Another piece to revitalizing a blighted intersection just north of East 16th Street is falling into place.
Reveal Properties LLC in March 2015 bought three commercial buildings, all in poor condition, at East 17th and Bellefontaine streets on downtown's near-northeast side in the Kennedy-King neighborhood.
At 1702 Bellefontaine St. on the northwest corner of the intersection, Cannon Ball Brewing Co. is expected to open later this month following Reveal’s renovation of the 100-year-old structure.
Now, directly to the south at 1660 N. Bellefontaine St., Reveal is beginning to refurbish the building that will house Rivet Creative Group, an e-commerce website developer, and most likely a restaurant to complement Cannon Ball.
That building, also a century old, last was occupied by a church congregation and once housed a neighborhood grocery. Originally, locally based Indreno Development had purchased the structure at 1660 N. Bellefontaine with Reveal and had planned to move its office there before scrapping the plans and selling its share of the property to Reveal.
Rivet Creative Group is leaving the Murphy Arts Center in Fountain Square to take 1,500 square feet in the building on Bellefontaine. That leaves about 2,500 square feet for a restaurant, said Kara Hieser, who operates Reveal Properties with her brother, Jason Comer.
Reveal has interest from two possible restaurant tenants, Hieser said.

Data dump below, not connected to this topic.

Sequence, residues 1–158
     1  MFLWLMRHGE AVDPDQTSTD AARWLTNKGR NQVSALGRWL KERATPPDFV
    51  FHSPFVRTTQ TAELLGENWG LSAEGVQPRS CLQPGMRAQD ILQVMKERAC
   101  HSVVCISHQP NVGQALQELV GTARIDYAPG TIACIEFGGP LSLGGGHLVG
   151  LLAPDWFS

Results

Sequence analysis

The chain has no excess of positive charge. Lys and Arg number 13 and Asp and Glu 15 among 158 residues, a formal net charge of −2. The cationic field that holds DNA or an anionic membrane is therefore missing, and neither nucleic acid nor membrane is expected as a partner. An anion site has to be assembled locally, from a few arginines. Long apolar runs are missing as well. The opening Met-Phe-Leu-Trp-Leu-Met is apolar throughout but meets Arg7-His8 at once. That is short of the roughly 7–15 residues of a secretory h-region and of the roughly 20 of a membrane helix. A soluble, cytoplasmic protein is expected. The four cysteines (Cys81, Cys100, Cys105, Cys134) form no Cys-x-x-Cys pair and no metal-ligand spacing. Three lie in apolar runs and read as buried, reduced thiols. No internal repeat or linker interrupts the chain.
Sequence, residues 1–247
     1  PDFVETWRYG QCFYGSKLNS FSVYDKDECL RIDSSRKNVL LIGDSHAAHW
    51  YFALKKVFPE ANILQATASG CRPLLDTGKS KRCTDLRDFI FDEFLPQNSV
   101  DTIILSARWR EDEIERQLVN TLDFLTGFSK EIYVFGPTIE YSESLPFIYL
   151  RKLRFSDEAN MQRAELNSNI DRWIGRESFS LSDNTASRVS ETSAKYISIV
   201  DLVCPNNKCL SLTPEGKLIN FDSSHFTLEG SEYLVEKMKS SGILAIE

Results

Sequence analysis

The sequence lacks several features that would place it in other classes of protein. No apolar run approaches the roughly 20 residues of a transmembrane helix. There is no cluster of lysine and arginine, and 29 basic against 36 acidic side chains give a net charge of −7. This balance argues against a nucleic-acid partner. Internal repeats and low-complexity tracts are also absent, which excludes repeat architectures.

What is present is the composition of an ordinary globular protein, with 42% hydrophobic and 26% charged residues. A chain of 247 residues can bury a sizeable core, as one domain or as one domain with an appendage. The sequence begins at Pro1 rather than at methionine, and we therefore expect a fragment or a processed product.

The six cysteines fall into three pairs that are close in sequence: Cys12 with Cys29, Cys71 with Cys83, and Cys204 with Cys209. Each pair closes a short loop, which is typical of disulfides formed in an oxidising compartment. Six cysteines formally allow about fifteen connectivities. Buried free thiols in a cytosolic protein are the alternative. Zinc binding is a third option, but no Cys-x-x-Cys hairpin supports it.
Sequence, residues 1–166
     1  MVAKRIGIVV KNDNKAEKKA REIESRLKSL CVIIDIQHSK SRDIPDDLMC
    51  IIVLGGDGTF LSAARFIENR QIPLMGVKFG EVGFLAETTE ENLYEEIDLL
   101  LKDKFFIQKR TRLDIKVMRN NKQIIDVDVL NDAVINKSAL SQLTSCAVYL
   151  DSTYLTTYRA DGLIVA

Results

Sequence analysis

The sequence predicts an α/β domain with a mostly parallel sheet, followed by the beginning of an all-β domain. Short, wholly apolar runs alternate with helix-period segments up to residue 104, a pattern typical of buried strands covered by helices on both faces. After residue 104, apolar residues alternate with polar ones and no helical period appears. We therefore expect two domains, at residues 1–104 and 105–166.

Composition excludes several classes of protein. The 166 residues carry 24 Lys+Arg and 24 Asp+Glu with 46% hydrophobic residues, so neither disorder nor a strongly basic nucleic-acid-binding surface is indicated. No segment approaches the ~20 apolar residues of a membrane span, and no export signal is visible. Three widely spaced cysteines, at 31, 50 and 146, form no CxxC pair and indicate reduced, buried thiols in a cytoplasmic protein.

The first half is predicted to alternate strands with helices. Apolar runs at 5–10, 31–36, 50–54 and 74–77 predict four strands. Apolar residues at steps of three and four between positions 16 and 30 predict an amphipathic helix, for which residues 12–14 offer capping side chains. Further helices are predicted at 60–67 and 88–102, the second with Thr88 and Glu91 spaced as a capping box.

“The area has changed quite a bit,” she said. “As far as interest, we’ve never had to market the place. It’s been much better than expected.”
Indeed, East 16th Street to the south is undergoing a rejuvenation that’s bringing more dining and housing options. Among them: The owners of Tinker Street restaurant (402 E. 16th St.) are focusing their attention on opening a Mexican eatery at 1217 E. 16th St. That’s about a block east from TWG Development LLC’s conversion of the former Gleaner’s Food Bank site into 145 apartments.
Back on Bellefontaine, the building that will be occupied by Cannon Ball Brewing already has King Park Development Corp. as a tenant. The organization, however, will expand from the first floor to take additional space on the second level, once Reveal finishes building a two-story addition on tghe north side of the building.
King Park will take half of the 2,500-square-foot space in the addition, leaving roughly 1,200 square feet for a retailer, Hieser said.
King Park moved from its longtime location in Fall Creek Place, at 2430 N. Delaware St., where the organization’s focus had been. But now that King Park has shifted its attention to the King and Kennedy neighborhoods, it made more sense to move to Bellefontaine, said Steven Meyer, King Park’s executive director.
“It’s obviously an active commercial node in the middle of the neighborhood that we think has a lot of promise given all the other activity going on in the area,” he said.
On the northeast corner, Reveal also owns the small pagoda-style structure that once housed a Shell service station. The developer doesn’t yet have any specific plans for the property, Hieser said.